Career: CEO, Husk Power Systems; International Rectifier Corporation, Los Angeles
Banks all over the country are happier handing out a Rs 500 crore loan and seeing it go bad.
Qualifications: B Tech (Electrical Engg), MS (Electric Power Engg), MS ( Power Electronics engg)
Areas of interest: Reading and writing fiction
Bihar and entrepreneurship: Paradoxical would you say?
I don’t think so. There is a lot of entrepreneurship and opportunities in Bihar. If you think about it, there have been very few employment opportunities and people have no choice but to think of themselves as entrepreneurs. What is lacking are entrepreneurship efforts that have scale. For a company like ours, the opportunity, especially at grassroots level, is much bigger because of gaps in development than, say, in Gujarat.
What about the difficulties? How has your experience been?
A lot of our operations are based in West Champaran, near the Gandak river. This area, at one point of time, used to be the hotbed of all things criminal. It used to be called the university for kidnappers. When we started operations, I used to be on the road four days a week and mostly travelled at night. I never had a problem with the goons. Most people were supportive of what we were trying to do.
So what was the problem?
The cops! I am yet to pay a penny of protection money to goons and nobody has dared to ask me for a bribe, but the police in Bihar are apathetic. So, when someone is trying to steal the electricity we generate, the cops will just look on. My staff, who try and stop the theft, suffer verbal abuse and manhandling. And that is a serious impediment.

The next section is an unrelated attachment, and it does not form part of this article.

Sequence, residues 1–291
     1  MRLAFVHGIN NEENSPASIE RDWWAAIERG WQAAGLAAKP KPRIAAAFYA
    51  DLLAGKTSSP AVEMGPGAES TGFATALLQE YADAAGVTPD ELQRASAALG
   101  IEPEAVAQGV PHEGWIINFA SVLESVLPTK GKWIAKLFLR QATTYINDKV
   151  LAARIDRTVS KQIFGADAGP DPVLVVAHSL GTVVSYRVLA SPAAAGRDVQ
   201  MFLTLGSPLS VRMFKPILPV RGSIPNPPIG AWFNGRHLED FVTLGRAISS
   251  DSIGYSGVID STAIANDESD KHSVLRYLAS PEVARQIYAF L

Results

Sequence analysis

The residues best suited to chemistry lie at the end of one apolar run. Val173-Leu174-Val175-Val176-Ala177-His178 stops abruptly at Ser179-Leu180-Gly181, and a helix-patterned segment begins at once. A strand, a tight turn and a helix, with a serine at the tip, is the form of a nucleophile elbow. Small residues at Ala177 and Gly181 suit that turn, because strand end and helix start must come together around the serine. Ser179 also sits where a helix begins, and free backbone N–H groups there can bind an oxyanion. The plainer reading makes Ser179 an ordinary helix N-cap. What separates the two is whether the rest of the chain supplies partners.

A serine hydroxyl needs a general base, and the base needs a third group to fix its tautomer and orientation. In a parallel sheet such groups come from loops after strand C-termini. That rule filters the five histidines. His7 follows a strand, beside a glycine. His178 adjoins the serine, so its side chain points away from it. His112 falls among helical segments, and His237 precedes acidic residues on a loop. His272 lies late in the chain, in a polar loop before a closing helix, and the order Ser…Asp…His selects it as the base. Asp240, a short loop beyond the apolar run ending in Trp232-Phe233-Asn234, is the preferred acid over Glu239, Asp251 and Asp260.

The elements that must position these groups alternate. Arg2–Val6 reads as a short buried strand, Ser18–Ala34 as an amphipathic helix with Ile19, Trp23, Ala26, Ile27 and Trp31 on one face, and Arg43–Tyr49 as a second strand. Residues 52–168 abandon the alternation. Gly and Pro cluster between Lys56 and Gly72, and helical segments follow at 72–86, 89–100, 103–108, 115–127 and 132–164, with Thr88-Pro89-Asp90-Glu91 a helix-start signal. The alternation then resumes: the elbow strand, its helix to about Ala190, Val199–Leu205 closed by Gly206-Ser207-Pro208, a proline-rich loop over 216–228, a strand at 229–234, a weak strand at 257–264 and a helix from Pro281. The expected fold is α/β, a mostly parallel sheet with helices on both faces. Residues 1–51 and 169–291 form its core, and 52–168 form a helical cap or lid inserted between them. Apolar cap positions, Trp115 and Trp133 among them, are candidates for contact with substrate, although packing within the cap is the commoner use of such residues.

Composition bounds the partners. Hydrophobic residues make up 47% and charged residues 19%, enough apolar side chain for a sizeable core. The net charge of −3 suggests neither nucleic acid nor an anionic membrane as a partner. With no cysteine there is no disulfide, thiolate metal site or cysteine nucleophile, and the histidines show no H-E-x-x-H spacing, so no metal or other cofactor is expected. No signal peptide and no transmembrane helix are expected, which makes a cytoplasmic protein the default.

Does Bihar have an ecosystem of financing and a skilled workforce for entrepreneurs?
Banks all over the country are happier handing out a Rs 500 crore loan and seeing it go bad rather then lend someone Rs 1 crore and entertain the possibility of success. The situation in Bihar is no different. As far as manpower is concerned, the kind of workforce we need is specific; we need people who can work in the rural areas because that is where the opportunity is. And the talent is available and it is largely stable. Gurgaon call centres have more difficulty in retaining people than we do as competition is relatively less.
What sort of business plans have you seen being launched in the state?
Well, I don’t get to see everything but I have seen a lot of young entrepreneurs — fresh MBAs — talk about setting up alternative energy plans. I have also heard about agro-processing plans. Then there was one interesting venture that I heard about using waste heat to power cold chains.
Can these projects become something significant?
A lot of Bihari entrepreneurship is still stuck in the old mindset of doing enough for one person or a few people. They lack the scale that can make a significant impact.
Does government policy allow them to dream big?
A lot of bureaucrats who create the pitch that the Bihar government uses to attract investments have never seen how business takes place; they need to understand what formula works to attract investments. The government should also look at a tie-up with an organisation like SIDBI to enable financing of viable businesses.
What is your biggest learning from your years in Bihar?
Differentiate between perception and reality. It isn’t as if the law and order situation is completely normal. Yes, roads have been built, but the government now needs to think ahead and get investments that will be a catalyst for industry and entrepreneurship.